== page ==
Stainless steel factoryThe Office of the U.S. Trade Representative (USTR) announced that it had reached an agreement with South Korea to provide the country with a long term exemption from the 25 percent tariff on steel products imposed by the President under Section 232 of the Trade Expansion Act of 1962, as amended (19 U.S.C. 1862). Instead, U.S. imports of steel from South Korea will be subject to a product-specific quota equivalent to 70 percent of the average annual import volume of such products during the period 2015-17. Further details on the quota have not been released and the President has raised doubts about whether or when it will go into effect by stating in a speech that he might hold up the deal until after a deal is made with North Korea on denuclearization.

The apparent agreement on steel was part of a larger agreement to amend and modify the Korean-United States Free Trade Agreement (KORUS).  A USTR Fact Sheet on the agreement can be found here.

For further information, please contact Nithya Nagarajan, Stephen Brophy, or Jeffrey Neeley.

Print:
EmailTweetLikeLinkedInGoogle Plus
Photo of Nithya Nagarajan Nithya Nagarajan

Nithya’s extensive background in U.S. trade issues spans 25 years and includes various roles in a number of federal government agencies, including the Department of Commerce Department of Justice, and the U.S. Court of International Trade. She assists clients with administrative and regulatory actions before the Department of Commerce, International Trade Commission and U.S. Customs and Border Protection (CBP) and defends clients in appeals before the Court of International Trade, Court of Appeals for the Federal Circuit, NAFTA panels and the World Trade Organization. In addition to her body of U.S. experience, Nithya is also well-versed in international trade issues in China and India.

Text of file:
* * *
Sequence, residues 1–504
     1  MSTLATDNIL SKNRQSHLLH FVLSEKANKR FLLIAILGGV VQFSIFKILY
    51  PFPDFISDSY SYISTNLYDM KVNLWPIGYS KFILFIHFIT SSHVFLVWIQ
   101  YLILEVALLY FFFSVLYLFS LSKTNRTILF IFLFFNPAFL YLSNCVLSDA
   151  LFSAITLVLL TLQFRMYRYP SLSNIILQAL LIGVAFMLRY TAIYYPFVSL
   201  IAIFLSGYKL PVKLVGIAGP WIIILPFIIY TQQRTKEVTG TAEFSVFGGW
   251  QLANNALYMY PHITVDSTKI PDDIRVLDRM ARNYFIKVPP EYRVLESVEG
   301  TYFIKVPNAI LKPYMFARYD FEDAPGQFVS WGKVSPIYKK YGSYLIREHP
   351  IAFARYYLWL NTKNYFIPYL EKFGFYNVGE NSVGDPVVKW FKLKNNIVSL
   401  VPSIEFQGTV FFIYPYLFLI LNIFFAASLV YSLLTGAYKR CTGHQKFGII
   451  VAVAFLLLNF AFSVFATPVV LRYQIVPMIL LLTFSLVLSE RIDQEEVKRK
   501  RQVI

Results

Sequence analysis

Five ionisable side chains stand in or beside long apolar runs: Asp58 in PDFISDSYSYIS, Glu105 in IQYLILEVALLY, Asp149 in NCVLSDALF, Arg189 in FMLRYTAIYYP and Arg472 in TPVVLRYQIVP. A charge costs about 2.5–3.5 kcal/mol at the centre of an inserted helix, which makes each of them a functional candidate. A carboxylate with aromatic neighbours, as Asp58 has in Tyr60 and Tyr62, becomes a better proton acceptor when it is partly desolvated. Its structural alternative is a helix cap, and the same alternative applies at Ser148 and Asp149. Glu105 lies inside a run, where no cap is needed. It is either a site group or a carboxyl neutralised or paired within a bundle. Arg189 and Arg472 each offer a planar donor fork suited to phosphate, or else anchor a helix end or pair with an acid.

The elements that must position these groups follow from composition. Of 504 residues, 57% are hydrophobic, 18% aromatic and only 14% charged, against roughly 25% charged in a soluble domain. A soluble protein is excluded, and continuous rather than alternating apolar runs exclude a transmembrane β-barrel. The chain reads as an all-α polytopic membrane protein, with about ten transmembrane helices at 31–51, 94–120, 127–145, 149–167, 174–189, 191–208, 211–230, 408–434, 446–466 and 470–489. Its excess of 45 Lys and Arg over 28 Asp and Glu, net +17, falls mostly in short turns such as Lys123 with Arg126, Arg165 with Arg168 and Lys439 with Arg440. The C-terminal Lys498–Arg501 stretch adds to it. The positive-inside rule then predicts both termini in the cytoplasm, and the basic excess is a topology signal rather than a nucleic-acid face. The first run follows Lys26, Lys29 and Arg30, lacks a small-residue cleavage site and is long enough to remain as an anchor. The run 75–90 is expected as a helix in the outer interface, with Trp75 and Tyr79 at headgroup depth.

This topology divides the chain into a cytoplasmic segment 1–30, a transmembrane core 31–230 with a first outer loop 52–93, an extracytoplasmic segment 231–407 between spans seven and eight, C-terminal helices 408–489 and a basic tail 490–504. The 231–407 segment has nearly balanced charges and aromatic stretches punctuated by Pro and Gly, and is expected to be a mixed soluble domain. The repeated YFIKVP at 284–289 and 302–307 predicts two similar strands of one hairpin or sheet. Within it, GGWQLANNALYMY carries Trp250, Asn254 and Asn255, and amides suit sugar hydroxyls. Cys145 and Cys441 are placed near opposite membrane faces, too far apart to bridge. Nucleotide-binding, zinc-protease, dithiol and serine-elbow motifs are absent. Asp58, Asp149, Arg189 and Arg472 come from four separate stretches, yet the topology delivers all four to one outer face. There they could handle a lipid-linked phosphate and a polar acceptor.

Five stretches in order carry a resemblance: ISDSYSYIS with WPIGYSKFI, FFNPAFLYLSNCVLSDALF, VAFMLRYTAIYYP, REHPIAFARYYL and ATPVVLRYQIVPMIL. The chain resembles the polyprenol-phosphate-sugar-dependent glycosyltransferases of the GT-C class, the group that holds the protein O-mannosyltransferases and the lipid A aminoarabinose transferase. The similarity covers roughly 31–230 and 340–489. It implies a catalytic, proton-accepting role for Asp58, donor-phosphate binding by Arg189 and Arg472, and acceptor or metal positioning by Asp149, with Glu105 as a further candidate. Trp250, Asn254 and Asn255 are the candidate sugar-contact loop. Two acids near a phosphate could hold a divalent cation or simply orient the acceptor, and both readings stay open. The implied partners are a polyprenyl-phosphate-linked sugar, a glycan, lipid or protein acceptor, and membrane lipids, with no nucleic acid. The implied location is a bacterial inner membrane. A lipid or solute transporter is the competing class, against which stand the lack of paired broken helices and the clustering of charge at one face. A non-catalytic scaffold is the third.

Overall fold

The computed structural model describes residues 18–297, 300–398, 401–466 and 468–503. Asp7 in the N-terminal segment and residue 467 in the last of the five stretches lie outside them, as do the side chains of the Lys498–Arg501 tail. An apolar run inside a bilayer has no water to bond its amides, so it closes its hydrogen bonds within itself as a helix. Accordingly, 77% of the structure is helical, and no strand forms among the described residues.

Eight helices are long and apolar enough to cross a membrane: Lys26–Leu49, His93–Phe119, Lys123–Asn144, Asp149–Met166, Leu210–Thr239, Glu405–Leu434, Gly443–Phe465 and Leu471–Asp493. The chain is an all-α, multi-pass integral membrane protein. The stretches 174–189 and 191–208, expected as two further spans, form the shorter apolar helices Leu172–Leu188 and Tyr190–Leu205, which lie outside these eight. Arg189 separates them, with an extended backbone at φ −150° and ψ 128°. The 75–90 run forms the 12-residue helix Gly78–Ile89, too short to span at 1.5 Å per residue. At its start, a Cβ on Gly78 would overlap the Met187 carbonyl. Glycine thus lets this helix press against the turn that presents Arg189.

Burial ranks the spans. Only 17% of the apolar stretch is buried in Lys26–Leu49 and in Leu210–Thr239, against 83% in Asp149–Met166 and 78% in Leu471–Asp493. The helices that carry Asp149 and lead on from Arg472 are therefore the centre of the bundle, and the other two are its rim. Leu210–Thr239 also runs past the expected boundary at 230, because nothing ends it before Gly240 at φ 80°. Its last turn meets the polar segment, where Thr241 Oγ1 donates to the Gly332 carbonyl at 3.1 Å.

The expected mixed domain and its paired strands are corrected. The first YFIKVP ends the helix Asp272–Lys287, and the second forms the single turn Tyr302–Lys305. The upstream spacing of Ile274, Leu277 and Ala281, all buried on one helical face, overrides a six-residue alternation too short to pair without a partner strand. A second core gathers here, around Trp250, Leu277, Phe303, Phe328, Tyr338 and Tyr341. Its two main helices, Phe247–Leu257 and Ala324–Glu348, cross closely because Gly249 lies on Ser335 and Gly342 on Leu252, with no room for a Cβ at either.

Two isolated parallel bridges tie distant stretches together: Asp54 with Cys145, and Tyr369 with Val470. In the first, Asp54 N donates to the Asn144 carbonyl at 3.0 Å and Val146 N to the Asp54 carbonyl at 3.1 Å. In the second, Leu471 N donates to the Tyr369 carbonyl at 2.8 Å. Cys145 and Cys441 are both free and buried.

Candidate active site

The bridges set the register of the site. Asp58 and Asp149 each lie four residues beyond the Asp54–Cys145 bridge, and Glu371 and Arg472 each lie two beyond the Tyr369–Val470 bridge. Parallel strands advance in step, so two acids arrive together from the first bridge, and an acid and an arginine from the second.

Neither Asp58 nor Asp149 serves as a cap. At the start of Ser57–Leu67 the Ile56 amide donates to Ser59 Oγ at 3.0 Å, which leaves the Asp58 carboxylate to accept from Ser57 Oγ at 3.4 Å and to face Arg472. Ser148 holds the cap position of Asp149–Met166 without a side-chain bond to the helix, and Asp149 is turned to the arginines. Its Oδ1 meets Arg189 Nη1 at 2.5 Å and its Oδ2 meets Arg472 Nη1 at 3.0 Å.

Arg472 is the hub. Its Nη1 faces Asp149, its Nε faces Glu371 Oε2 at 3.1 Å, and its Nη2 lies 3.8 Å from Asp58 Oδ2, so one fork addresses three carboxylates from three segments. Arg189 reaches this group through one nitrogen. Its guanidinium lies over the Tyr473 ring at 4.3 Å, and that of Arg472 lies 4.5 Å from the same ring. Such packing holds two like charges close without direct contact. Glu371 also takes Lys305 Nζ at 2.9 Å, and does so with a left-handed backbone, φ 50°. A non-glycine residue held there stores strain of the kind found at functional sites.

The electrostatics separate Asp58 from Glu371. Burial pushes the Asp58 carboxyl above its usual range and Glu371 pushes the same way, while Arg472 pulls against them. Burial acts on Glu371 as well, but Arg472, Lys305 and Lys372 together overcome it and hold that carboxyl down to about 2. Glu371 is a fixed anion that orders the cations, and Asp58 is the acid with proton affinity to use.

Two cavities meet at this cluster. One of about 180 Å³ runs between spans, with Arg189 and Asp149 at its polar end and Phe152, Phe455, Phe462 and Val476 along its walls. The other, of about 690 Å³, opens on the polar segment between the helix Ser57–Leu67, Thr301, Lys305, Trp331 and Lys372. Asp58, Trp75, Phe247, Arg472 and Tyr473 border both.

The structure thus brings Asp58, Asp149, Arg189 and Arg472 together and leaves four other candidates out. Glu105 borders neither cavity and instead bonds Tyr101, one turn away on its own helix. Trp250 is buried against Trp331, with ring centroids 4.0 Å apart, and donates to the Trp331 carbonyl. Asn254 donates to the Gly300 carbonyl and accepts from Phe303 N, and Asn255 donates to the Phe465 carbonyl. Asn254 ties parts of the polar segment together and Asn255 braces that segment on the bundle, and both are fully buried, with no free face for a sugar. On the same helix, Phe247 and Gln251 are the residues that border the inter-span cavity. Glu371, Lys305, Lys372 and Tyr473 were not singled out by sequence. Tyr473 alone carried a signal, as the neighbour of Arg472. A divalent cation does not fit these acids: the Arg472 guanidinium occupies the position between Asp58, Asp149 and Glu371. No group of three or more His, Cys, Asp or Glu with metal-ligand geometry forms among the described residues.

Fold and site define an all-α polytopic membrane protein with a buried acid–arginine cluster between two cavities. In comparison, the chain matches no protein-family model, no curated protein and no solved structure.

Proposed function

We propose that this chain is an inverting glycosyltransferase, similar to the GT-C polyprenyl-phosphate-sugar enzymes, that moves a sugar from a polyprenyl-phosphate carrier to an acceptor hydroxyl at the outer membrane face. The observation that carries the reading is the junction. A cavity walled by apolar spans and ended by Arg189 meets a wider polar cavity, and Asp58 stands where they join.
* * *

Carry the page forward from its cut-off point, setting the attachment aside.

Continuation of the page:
Photo of Stephen Brophy Stephen Brophy

Stephen brings more than 20 years of international trade experience to Husch Blackwell. His practice focuses on trade relief and regulation, representing clients in antidumping, countervailing duty and safeguard proceedings. He has assisted clients with these and other related matters before the U.S. Department of Commerce and U.S. International Trade Commission. Stephen is also experienced with customs issues, including tariff classification, valuation and country of origin marking matters.

Photo of Jeffrey Neeley Jeffrey Neeley

Jeffrey has more than 25 years of experience representing private parties in international trade remedies disputes in the U.S. and in foreign jurisdictions. He guides clients in matters including antidumping investigations, countervailing duties, subsidies, intellectual property disputes as well as related customs, export control, and other import/export issues.